We need urgent action to stop porpoises dying in nets in UK seas
Around 1,105 harbour porpoises die in UK fishing gear each year, mainly in the North Sea and Celtic and Irish Seas. What’s worse is that the real number is probably a lot higher as the estimate doesn’t include all UK fleets or those of other nations fishing in UK waters.
We need urgent action to stop this needless suffering and tragic loss of life.
Entanglement in fishing nets (or bycatch) is the single biggest killer of dolphins and porpoises, including in UK waters where the biggest threat to porpoises is from static gillnets. These are nets that hang in the water for hours or days at a time, catching any creature that swims into them.
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So I was pleased to see this important Defra-funded report, Bycatch and Mitigation Approaches in Harbour Porpoise Special Areas of Conservation (SACs) which looks at how pingers (acoustic devices that are attached to nets and emit a warning sound) and no-fishing zones can save lives within five protected areas created for harbour porpoises off the coasts of England, Wales and Northern Ireland. The report calculates that between 62 and 146 porpoises could be saved in these important SACs by putting effective bycatch prevention measures in place in the UK gillnetting fleet.
Closure of gillnet fishing will only be an effective way to reduce bycatch in porpoise SACs if the fishing effort is not displaced elsewhere. Using pingers in these important habitats could reduce bycatch from about 100 to between five and 30 porpoise deaths, if implemented properly, but the deterrent ‘pinging’ noise would also mean porpoises stayed away from a very small percentage (up to 1.18%) of their protected zone.
We need to consider the extent of porpoise disturbance, especially displacement from important habitats such as SACs, compared to the deaths in nets that would otherwise occur.
We were recently involved in a project to assess the extent of disturbance due to pinger usage. Projects like this need to be scaled up, so we can look at the impact of larger numbers of pingers in areas where porpoises are found. Pingers are just one management solution, and they are not suitable for all bycatch situations.
We were disappointed that the Defra report did not consider the use of alternative or modified fishing gear as these could further reduce porpoise deaths while protecting livelihoods.
The UK has had a very important protected species bycatch monitoring scheme for more than 20 years but the Defra report identifies just how little bycatch monitoring actually takes place, even within each of the SACs. Better monitoring of bycatch and better fishing data in all fishing vessels working in UK waters are crucial if we are to address this issue. Unfortunately, the Defra report did not consider the West Scotland SAC in the Hebrides and the Minches, as the report identifies low levels of gillnetting in this area.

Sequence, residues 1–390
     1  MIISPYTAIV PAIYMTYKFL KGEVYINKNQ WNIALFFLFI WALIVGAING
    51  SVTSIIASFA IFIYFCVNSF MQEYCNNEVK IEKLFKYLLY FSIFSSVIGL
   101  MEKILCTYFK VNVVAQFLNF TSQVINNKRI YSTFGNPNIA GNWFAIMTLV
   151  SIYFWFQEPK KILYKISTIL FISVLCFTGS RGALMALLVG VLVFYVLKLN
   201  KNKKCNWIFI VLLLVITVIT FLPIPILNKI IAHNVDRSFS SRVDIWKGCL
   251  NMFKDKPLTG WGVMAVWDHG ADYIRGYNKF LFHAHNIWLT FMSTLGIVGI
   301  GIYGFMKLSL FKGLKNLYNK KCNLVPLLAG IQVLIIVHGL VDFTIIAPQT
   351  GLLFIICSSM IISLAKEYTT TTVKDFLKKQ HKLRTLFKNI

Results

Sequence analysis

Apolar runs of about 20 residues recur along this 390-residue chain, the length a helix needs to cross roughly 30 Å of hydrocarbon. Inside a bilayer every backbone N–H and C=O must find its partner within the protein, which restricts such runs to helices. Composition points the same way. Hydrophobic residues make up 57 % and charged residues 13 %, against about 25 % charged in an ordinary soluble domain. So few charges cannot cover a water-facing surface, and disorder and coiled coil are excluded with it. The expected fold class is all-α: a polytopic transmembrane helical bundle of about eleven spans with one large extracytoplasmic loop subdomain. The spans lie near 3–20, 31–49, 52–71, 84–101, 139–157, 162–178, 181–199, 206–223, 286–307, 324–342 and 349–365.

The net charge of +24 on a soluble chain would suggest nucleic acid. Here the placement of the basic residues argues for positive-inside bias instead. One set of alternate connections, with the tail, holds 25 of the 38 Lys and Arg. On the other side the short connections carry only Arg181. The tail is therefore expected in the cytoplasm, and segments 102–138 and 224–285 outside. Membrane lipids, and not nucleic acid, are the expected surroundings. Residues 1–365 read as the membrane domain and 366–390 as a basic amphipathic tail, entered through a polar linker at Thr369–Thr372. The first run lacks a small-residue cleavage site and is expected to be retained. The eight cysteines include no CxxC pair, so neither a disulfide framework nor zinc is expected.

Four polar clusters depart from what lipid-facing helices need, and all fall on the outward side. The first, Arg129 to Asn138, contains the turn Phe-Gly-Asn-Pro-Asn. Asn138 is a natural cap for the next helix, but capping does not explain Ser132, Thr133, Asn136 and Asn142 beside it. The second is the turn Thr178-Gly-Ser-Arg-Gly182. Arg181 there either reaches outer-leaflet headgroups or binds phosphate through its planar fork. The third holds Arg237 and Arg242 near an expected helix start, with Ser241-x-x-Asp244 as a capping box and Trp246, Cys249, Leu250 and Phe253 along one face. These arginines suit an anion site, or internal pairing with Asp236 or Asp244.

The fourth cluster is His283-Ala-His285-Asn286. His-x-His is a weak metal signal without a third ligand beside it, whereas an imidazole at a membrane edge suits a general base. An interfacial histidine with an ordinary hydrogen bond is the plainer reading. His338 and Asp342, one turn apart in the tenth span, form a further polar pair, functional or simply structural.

The report found a similarity between bycatch rates within porpoise SACs and outside SACs and so consideration of mitigation measures outside of SACs as well as within SACs is required. Porpoises are ‘strictly protected’ in all UK and European waters, so we need to protect them from bycatch wherever they are.
Both EU regulations and the Fisheries Bill (that will determine how fishing is managed in the UK after Brexit), state that we must ‘minimise and where possible eliminate’ the bycatch of ‘sensitive species’, including harbour porpoises.
WDC will continue to play its part, working with Defra, fishers and other stakeholders to find and implement ways to reduce the impact on porpoises and other protected species. But this is an area where the UK Government has a chance to show leadership.
Bycatch is a massive issue and the single biggest killer of porpoises in UK waters and globally. But these deaths are preventable. With determination and collaborative working, we can and we must save porpoise lives and we call on the UK and devolved governments to do just that.
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If you are able to help, every gift, whether large or small, will help us prevent tragic deaths in nets.
Sarah wrote this blog before being furloughed under the UK government's job retention scheme.
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